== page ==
In order to find the outliers, I wanted the ability to define a certain “history window” or “baseline window” of a range of dates of job runs from which I could calculate the Average and the Standard Deviation. So the query would accept a @HistoryStartDate and @HistoryEndDate date range (I would convert the dates to full days starting/ending at midnight). Also, for a halfway meaningful sample, I wanted an option to calculate the statistics for jobs that had run a minimum number of times (represented by @MinHistExecutions). And, since we may only want to look at outliers of jobs that are kind of “beefy”, I wanted to introduce the option to only pay attention to jobs that had a minimum average duration of some kind (@MinAvgSecsDuration).

So this query would give us our history/baseline calculations:

declare @HistoryStartDate datetime = '19000101'
,@HistoryEndDate datetime = getdate()
,@MinHistExecutions int = 10
,@MinAvgSecsDuration int = 30
;
with JobHistData as
(
select job_id
,date_executed=convert(datetime,convert(varchar(8),run_date))
+' '
+stuff(stuff(right(1000000+run_time
,6)
,3,0,':')
,6,0,':')
,secs_duration=run_duration/10000*3600
+run_duration%10000/100*60
+run_duration%100
from msdb.dbo.sysjobhistory
where step_id=0 --Job Outcome
and run_status=1 --Succeeded
)
select job_id
,AvgDuration=avg(secs_duration*1.)
,AvgPlus2StDev=avg(secs_duration*1.)+2*stdevp(secs_duration)
from JobHistData
where date_executed>=dateadd(day,datediff(day,'19000101',@HistoryStartDate),'19000101')
and date_executed<dateadd(day,1+datediff(day,'19000101',@HistoryEndDate),'19000101')
group by job_id
having count(*)>=@MinHistExecutions
and avg(secs_duration*1.)>=@MinAvgSecsDuration
/*
job_id AvgDuration AvgPlus2StDev
------------------------------------ ----------- ----------------
ECA51518-7144-49DE-9153-EB12D42AE0D9 69.373333 108.739927181991
0BC1CB96-602F-417A-AB42-CAF98E1E39A1 47.266666 82.860423255389
etc, etc, etc
*/
And now that we have that, we can look for jobs in an “analysis window” date range (@AnalysisStartDate and @AnalysisEndDate)… perhaps the last 24 or 48 hours… to see which ones have a duration that exceeds the AvgPlus2StDev of the baseline.

Here is a stored procedure to do just that.

create procedure usp_SQLAgentJobOutliers
@HistoryStartDate
datetime = null
,@HistoryEndDate datetime = null
,@AnalysisStartDate datetime = null
,@AnalysisEndDate datetime = null
,@MinHistExecutions int = 10
,@MinAvgSecsDuration int = 30
as

if @HistoryStartDate is null set @HistoryStartDate='19000101' ;
if @HistoryEndDate is null set @HistoryEndDate=getdate() ;
if @AnalysisStartDate is null set @AnalysisStartDate='19000101' ;
if @AnalysisEndDate is null set @AnalysisEndDate=getdate() ;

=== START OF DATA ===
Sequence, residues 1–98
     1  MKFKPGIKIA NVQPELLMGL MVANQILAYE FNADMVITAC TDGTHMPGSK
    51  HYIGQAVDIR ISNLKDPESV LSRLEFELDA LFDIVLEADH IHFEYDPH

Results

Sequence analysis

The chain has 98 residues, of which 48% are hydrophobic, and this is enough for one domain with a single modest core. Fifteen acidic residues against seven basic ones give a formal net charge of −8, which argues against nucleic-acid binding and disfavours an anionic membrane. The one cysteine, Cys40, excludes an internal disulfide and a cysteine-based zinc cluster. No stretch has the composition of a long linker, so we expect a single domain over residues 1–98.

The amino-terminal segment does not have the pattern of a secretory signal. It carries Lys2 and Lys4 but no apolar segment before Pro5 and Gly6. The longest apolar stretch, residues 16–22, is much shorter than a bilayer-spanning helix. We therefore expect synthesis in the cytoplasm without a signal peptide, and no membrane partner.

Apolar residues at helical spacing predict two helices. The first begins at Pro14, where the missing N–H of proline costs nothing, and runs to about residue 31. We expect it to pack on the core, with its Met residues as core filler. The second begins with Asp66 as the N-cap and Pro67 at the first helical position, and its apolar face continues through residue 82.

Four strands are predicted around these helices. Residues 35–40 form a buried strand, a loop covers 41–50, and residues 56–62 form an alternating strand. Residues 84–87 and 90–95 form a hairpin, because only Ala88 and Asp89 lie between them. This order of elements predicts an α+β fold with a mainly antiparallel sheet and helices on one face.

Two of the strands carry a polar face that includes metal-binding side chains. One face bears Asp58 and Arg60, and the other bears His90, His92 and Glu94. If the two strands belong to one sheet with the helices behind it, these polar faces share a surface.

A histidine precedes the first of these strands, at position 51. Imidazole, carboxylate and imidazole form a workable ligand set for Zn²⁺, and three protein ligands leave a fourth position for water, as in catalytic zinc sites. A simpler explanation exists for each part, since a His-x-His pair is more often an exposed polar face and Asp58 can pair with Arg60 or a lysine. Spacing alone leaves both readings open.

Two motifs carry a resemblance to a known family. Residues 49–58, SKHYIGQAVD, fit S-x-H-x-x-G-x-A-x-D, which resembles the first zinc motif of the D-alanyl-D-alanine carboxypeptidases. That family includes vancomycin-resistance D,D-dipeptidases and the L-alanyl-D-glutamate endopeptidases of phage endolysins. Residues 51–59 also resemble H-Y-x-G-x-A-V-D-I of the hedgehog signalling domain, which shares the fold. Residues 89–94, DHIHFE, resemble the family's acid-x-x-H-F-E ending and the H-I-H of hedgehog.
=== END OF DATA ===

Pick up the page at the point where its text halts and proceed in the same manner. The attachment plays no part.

with JobHistData as
(
select job_id
,date_executed=convert(datetime,convert(varchar(8),run_date))
+' '
+stuff(stuff(right(1000000+run_time
,6)
,3,0,':')
,6,0,':')
,secs_duration=run_duration/10000*3600
+run_duration%10000/100*60
+run_duration%100
from msdb.dbo.sysjobhistory
where step_id=0 --Job Outcome
and run_status=1 --Succeeded
)
,
JobHistStats as
(
select job_id
,AvgDuration=avg(secs_duration*1.)
,AvgPlus2StDev=avg(secs_duration*1.)+2*stdevp(secs_duration)
from JobHistData
where date_executed>=dateadd(day,datediff(day,'19000101',@HistoryStartDate),'19000101')
and date_executed<dateadd(day,1+datediff(day,'19000101',@HistoryEndDate),'19000101')
group by job_id
having count(*)>=@MinHistExecutions
and avg(secs_duration*1.)>=@MinAvgSecsDuration
)
select jd.job_id
,JobName=j.name
,ExecutionDate=jd.date_executed
,[Duration (secs)]=jd.secs_duration
,[Historical Avg Duration (secs)]=AvgDuration
,[Min Threshhold (secs)]=AvgPlus2StDev
from JobHistData jd
join JobHistStats jhs on jd.job_id=jhs.job_id
join msdb.dbo.sysjobs j on jd.job_id=j.job_id
where date_executed>=dateadd(day,datediff(day,'19000101',@AnalysisStartDate),'19000101')
and date_executed<dateadd(day,1+datediff(day,'19000101',@AnalysisEndDate),'19000101')
and secs_duration>AvgPlus2StDev
If you don’t specify any parameters, it will use the ENTIRE sysjobhistory table for both the “history/baseline window” and the “analysis window”. Try calling the procedure with various parameters and see what you come up with. See if any jobs of yours have run with an atypically long duration.

If you want to get more granular and analyze individual Job Steps as opposed to Jobs as a whole, the following procedure will do that for you.

create procedure usp_SQLAgentJobStepOutliers
@HistoryStartDate
datetime = null
,@HistoryEndDate datetime = null
,@AnalysisStartDate datetime = null
,@AnalysisEndDate datetime = null
,@MinHistExecutions int = 10
,@MinAvgSecsDuration int = 30
as

if @HistoryStartDate is null set @HistoryStartDate='19000101' ;
if @HistoryEndDate is null set @HistoryEndDate=getdate() ;